There’s truly no reason to be upset.  I don’t want to go on vacation with F to his parents house just months after our separation.  But I don’t want her to go either.  I don’t want her to have my family and live my life.  Even if it’s the life I chose not to live anymore.   I wonder if I would feel this way if I liked her at all, but I suspect I wouldn’t, and then that makes me sad too. My kids could have a great step-mom in their life, instead of this pathetic excuse for a partner that F has chosen.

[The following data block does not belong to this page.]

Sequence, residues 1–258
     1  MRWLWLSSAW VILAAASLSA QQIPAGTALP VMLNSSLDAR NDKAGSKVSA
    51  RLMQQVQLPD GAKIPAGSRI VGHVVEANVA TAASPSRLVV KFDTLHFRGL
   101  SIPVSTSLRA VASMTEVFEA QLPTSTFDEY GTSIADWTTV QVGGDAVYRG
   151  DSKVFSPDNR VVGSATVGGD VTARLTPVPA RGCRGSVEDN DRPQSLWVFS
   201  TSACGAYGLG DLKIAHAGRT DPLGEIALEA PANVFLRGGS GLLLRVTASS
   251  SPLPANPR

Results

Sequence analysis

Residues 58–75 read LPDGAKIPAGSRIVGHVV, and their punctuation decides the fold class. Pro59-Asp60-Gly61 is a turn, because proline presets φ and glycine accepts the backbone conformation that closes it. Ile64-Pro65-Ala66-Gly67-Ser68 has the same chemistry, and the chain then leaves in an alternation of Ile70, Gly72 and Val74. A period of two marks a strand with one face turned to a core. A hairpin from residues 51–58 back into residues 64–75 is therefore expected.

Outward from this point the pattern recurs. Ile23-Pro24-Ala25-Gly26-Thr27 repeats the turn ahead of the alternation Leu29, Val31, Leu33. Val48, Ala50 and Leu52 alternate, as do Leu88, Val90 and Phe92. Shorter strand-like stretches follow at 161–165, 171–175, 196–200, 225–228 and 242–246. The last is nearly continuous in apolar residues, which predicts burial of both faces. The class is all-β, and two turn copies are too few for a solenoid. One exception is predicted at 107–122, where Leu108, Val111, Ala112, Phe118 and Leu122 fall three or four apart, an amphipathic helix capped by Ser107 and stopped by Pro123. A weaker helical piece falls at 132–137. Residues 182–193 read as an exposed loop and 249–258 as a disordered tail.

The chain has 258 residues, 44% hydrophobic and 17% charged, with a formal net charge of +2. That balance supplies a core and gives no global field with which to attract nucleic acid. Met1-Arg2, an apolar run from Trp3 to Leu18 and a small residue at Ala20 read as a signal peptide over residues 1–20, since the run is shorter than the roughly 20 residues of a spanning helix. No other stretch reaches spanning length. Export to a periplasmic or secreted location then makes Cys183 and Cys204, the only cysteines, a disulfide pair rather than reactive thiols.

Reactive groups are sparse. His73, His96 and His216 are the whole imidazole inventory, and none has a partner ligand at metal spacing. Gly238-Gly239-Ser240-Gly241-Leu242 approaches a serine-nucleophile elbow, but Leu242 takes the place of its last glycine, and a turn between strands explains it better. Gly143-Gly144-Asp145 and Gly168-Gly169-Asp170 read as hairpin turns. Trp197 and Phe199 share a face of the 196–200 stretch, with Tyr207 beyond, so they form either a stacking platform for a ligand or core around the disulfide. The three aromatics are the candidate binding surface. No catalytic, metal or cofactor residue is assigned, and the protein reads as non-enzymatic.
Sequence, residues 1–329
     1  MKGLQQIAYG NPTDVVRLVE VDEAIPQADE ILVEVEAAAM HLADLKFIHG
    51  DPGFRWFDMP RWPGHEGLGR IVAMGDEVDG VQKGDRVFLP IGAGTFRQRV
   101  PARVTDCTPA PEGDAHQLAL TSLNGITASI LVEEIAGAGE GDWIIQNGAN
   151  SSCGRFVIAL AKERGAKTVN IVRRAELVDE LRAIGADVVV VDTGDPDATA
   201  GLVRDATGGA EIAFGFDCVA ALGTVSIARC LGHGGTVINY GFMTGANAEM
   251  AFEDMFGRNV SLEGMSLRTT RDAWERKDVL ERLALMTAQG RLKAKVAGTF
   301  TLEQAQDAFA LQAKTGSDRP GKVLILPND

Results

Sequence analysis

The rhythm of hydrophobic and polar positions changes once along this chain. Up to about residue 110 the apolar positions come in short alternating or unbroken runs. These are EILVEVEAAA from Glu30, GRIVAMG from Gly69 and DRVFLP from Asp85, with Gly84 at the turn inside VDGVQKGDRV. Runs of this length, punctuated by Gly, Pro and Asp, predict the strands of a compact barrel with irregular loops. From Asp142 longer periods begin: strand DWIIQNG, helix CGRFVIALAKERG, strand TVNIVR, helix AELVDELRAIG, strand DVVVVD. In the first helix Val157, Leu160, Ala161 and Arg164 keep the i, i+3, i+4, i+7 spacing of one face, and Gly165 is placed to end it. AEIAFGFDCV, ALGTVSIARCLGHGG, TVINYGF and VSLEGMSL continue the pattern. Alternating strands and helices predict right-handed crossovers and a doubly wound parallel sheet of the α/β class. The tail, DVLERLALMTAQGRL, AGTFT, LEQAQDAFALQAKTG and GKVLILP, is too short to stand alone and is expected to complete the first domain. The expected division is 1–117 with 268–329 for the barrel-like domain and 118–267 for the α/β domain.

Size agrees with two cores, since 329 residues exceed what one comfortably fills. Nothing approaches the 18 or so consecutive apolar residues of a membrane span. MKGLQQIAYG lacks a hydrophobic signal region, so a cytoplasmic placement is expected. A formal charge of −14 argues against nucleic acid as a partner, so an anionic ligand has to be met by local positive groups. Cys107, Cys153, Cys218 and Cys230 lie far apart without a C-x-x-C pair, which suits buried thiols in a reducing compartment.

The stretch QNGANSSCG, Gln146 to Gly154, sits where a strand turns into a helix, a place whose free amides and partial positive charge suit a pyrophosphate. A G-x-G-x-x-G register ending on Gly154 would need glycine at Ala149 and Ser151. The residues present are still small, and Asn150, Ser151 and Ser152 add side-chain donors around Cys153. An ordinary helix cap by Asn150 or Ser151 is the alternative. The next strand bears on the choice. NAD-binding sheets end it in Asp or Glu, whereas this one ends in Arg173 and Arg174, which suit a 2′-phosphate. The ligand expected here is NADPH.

Part of me is quietly happy that I finally had feelings about my separation, because I was feeling a bit weird that all I had was the annoyance of dealing with F.  I was starting to feel like there was something wrong with me after being completely devastated when D broke up with me after six months and hardly being upset after I broke up with F after 14 years.  I guess I’m not heartless.

    I don’t have much else to say.  I’ve assimilated the new information and no longer am sad.  But there was a moment where I hurt, just a little.